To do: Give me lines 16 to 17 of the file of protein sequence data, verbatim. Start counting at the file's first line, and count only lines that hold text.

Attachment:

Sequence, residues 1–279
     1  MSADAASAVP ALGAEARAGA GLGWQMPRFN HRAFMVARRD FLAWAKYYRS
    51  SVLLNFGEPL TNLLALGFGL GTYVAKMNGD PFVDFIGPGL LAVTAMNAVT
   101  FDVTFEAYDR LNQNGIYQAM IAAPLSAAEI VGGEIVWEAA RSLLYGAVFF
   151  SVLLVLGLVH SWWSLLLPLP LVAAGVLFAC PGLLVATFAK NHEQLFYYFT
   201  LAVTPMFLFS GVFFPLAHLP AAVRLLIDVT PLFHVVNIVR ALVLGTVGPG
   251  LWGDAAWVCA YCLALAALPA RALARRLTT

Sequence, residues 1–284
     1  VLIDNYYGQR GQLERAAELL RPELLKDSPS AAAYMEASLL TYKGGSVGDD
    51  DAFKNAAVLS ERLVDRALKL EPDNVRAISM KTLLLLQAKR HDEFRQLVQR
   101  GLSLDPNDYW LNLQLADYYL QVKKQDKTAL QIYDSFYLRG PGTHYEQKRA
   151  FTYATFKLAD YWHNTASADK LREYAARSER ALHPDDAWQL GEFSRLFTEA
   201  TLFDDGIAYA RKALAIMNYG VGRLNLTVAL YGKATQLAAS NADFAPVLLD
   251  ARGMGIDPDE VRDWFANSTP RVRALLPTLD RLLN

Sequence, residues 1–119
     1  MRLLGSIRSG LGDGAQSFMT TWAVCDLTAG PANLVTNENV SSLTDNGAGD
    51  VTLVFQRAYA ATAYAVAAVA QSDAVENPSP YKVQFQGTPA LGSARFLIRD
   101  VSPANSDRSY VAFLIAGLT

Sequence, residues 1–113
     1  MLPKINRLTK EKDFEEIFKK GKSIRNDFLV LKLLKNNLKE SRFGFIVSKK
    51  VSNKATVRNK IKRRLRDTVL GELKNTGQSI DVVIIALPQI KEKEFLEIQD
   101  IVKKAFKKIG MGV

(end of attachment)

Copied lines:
     1  MRLLGSIRSG LGDGAQSFMT TWAVCDLTAG PANLVTNENV SSLTDNGAGD
    51  VTLVFQRAYA ATAYAVAAVA QSDAVENPSP YKVQFQGTPA LGSARFLIRD